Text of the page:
“What’s going on with the stock market? Why is it setting record all-time highs? Is it about to implode? What am I not getting?”
These are the types of questions that I am regularly fielding from clients, friends and family these days. In a world that, in many ways, feels so uncertain — divided, with no shortage of security and social concerns and threats — why is Wall Street seemingly so upbeat? Is it what former Federal Reserve Chair Alan Greenspan — in another robust market era back in 1996 — coined, “irrational exuberance”?
Predicting markets, like predicting the future, in general, is a very tough game that will much more often produce poor results than good ones. However, it helps to discuss what we and the world know, and give our perspective on the market’s connection to and reflection of those facts. In other words, does information like economic data and corporate results seem to be well-reflected in market prices, or is there some big disconnect going on?
A quick review of what’s been going on in the economy and in business shows, on balance, pretty encouraging news. The U.S. economy grew at roughly 3% in the second and third quarters, and economies around the world are growing.1 There is no significant economy across the globe that is in recession. Unemployment, at 4.1%, is at the lowest level since December 2000;2 manufacturing and services data have shown robust expansion for the past several months; and consumer confidence is also at its highest level since December 2000.3 U.S. corporate earnings have grown at an average of 9.5% over the past four quarters versus the prior year, and interest rates, which are used to value earnings growth, have remained low and stable.4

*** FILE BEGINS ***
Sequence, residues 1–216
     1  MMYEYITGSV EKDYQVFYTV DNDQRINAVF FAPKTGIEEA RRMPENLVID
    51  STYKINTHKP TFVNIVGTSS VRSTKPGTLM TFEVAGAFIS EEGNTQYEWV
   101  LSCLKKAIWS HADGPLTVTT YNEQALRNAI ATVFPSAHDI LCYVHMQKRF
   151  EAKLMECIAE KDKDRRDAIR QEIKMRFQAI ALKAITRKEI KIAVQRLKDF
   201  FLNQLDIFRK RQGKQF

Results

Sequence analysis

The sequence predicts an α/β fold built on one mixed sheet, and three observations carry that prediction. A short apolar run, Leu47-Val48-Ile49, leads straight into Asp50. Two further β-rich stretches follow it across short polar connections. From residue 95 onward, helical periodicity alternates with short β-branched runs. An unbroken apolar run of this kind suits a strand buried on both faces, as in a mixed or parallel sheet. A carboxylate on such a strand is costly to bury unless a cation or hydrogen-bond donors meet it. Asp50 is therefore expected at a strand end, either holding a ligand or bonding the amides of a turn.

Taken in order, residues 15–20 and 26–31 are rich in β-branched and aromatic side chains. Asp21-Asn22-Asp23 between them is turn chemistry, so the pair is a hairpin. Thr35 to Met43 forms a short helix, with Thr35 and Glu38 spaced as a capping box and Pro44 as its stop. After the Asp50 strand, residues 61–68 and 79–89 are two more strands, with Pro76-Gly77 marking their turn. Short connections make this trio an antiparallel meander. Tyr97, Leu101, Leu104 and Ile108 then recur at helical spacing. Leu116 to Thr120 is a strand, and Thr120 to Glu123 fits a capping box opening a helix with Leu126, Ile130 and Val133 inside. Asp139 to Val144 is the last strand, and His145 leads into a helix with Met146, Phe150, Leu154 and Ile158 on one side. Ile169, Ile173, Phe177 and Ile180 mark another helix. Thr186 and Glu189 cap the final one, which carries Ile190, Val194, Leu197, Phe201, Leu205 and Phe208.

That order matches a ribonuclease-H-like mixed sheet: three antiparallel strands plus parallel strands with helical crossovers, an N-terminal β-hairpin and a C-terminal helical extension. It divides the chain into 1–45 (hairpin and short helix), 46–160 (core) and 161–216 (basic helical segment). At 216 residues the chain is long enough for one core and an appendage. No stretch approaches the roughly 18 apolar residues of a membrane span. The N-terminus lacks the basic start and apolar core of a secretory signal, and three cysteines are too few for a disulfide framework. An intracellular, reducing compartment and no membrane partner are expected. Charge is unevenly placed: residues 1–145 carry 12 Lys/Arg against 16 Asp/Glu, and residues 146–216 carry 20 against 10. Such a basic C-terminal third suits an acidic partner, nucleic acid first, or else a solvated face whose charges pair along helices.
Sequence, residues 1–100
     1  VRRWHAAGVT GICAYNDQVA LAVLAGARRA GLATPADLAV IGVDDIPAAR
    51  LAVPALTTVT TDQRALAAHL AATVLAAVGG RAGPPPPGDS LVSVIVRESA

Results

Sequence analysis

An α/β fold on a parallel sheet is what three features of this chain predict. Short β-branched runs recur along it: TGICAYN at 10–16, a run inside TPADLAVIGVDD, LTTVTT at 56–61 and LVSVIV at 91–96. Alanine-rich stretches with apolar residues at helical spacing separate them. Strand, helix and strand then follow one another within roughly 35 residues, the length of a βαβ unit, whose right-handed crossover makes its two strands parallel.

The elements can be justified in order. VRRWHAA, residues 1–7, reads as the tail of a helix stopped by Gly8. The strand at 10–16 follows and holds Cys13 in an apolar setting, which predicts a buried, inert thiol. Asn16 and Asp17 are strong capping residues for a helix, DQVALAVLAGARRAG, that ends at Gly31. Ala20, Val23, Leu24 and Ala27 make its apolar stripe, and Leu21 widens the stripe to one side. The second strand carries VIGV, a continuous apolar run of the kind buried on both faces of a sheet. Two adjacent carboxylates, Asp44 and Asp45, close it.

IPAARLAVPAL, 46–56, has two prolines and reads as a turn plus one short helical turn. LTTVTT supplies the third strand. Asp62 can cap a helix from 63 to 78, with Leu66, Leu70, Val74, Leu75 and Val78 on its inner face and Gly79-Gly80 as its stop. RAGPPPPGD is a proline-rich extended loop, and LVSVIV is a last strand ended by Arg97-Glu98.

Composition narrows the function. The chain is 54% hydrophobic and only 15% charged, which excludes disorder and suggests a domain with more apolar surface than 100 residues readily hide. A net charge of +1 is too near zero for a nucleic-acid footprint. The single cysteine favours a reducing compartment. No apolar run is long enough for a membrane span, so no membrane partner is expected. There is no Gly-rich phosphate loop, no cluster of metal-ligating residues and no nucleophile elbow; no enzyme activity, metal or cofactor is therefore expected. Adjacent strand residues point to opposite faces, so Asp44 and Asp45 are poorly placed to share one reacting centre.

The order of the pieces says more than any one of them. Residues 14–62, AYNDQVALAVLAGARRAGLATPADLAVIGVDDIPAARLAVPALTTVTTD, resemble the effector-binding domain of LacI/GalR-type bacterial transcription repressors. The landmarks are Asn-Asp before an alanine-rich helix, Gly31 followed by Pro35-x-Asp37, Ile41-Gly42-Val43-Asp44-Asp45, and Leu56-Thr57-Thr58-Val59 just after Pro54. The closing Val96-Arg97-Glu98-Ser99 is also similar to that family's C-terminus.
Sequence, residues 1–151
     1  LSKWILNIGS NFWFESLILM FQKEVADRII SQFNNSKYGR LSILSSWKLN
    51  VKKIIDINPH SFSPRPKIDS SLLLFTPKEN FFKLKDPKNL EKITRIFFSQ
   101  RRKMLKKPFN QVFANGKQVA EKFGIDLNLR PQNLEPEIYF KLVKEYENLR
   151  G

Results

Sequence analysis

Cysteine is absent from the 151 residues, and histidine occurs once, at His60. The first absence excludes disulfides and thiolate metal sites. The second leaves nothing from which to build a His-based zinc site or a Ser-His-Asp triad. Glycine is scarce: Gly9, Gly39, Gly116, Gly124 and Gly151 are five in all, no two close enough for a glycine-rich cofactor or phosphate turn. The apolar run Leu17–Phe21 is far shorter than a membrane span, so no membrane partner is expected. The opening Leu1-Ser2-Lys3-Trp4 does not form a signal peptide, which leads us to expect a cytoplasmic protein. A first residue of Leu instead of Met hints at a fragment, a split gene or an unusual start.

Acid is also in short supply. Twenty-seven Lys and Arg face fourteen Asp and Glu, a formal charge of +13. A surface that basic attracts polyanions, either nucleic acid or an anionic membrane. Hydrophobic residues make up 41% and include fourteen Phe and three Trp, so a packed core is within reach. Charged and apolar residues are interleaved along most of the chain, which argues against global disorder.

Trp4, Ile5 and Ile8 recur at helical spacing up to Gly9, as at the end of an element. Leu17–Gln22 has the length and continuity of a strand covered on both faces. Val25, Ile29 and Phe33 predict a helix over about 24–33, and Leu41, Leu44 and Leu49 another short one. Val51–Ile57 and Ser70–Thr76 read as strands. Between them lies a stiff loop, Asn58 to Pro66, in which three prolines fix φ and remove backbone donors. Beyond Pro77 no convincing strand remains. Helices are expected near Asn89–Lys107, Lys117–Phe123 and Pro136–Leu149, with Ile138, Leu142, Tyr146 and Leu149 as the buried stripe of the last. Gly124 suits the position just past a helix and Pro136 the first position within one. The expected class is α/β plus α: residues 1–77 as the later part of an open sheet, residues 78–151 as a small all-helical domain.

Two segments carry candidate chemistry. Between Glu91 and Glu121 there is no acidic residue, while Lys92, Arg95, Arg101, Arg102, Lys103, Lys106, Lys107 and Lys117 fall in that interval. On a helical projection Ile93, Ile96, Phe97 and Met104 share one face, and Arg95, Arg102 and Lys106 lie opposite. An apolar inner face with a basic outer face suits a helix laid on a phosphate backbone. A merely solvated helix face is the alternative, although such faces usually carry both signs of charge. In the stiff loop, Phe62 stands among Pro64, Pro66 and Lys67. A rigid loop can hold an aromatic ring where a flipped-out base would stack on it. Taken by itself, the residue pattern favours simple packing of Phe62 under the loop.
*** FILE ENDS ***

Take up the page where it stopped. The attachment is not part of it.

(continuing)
Markets in the U.S. and around the world have both anticipated and responded to these results accordingly. Would it have been more rational for markets to have reacted negatively? Meanwhile, not all sectors and companies are doing well. Retail, for example, is struggling with online competition, and traditional blue-chip companies, like GE, IBM and AT&T, are challenged to transform themselves as technology and competition disrupt their traditional businesses. The shares of those firms are suffering this year, given their weaker results.
So, there is a grounding — a basis, a rationale — for this year’s stock market strength. Economies are growing, and business conditions are good. The shares of companies that are performing well are being rewarded, but those that disappoint are not. As of November 3, the global stock market index is up over 19% for 2017.5 It that too much or too little? That is the argument that traders and investors fight over every day from 9:30 am to 4:00 pm Eastern Time. We know economic and business performance is cyclical. At some point, overspending by consumers and overinvestment by businesses may lead to an ultimate slowdown and excesses will get corrected, just as they have over the many cycles over the past many decades.
Could a slowdown come sooner? Sure. Could it come later? Sure. Again, the prediction business is a terribly tough one to be consistently good at, so let others in the investment and financial-media worlds do their forecasting and wish them well. Instead, continue to stick to your principles and your plan — diversification globally across stock and bond markets; disciplined rebalancing; and use of simple, transparent, tax-efficient and low-cost investment vehicles.
Good years are fun; bad years, not so much. But together, we’ll keep our focus on doing the right thing and working toward the goals that will take many years to achieve — and we’ll hopefully wind up 2017 as a solid plus on the long road toward reaching financial success for us all.